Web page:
Russian Booker winner: The Berlin Wall was never part of history
Rossiyskaya Gazeta: The main character of The Fortress, archaeologist Ivan Maltsov, is writing a book about the Golden Horde and at night dreams that he is a great Mongolian warrior. Why did you resort to this device, of a novel inside a novel?
Peter Aleshkovsky: "The Mongolian chapters" are there to realize that the Berlin Wall was never part of history, like the Great Wall of China was, but everybody knows that anyway. It was erected at one point, during the Cold War, but it was such a small and insignificant bit of the history of humankind. The problem is that we are still trying – and at the moment increasingly so – to separate ourselves from other states and cultures. Other spaces were never separated from Rus. Ancient Rus, medieval Rus, Peter the Great’s Rus were always a brew of different influences and trends. We know how many foreign officials there were in Peter the Great’s court.
RG: Your protagonist is perhaps the only person in the novel who has a conscience, yet at the same time he is the most unhappy character in the book. He makes a discovery – finds an ancient temple – but dies, is buried alive at the site of his discovery. What did he do to deserve it?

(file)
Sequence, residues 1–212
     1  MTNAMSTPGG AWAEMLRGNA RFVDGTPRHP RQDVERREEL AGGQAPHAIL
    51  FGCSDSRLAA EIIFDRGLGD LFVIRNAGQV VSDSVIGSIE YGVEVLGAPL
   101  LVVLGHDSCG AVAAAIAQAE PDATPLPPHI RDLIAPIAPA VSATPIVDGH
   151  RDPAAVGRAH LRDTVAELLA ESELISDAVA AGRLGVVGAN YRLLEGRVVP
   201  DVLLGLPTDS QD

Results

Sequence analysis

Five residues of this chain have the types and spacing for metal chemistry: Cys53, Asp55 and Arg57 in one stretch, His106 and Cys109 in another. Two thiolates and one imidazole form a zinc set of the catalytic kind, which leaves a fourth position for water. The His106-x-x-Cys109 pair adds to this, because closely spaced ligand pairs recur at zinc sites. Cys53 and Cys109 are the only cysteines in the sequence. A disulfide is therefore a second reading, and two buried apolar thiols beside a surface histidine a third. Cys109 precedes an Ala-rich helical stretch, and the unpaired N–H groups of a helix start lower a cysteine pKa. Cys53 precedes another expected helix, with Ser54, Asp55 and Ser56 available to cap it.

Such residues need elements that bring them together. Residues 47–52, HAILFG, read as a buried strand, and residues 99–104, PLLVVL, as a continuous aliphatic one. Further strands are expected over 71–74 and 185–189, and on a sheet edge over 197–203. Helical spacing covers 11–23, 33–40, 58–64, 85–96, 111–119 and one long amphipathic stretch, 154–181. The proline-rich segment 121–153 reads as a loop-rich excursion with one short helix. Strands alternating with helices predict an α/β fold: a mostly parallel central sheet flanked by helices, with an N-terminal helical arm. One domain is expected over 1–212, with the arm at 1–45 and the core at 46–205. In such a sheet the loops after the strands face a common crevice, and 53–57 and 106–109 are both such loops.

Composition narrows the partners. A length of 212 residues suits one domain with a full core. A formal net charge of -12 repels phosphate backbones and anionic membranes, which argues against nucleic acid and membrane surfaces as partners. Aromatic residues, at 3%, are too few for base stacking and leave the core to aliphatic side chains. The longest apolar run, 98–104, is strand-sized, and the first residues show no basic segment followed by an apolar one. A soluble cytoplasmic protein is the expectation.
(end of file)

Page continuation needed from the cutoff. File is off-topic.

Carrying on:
P.A.: It is, of course, also a metaphor. He dies and he wins. I would not say it is a defeat. There is a spark, a moment of touching the eternal, the truth. You know, death, a seeming defeat, may in fact be a source of strength. I recently had a meeting with readers in Murmansk [Ed.: 1,150 miles north of Moscow].
RG: Can words and books change the world, or at least have a serious impact on it?
P.A.: No, nothing can change the world. Except that perhaps the Bible, the Koran, the Torah have changed the world, but we are speaking not about religion but about the books. A book can change a person’s life; for example, my life was changed by books. Since childhood, my life has been transformed by the word and to this day still I read every day.
R.G.: Back in 1990, Venedikt Yerofeyev, the author of Moscow–Petushki, was asked what ills were the main ones for Russia then. He replied…
P.A.: Perhaps you’d better not tell me and we’ll compare?
RG: What an excellent idea, let's compare!
P.A.: I think our whole conversation was about it but I shall say it once again: an incredible loss of culture, a neglect of culture.
RG: A loss in relation to something?
And what did Yerofeyev replied to that question?
RG: Folly and incredible greediness.
P.A.: These are the same things. Culture implies quixotism, and calmness, and generosity. That is why lack of culture always equals greediness and dishonesty. It’s all about grabbing something at whatever cost. Disgusting.
This is an abridged version of the interview first published in Russian by Rossiyskaya Gazeta.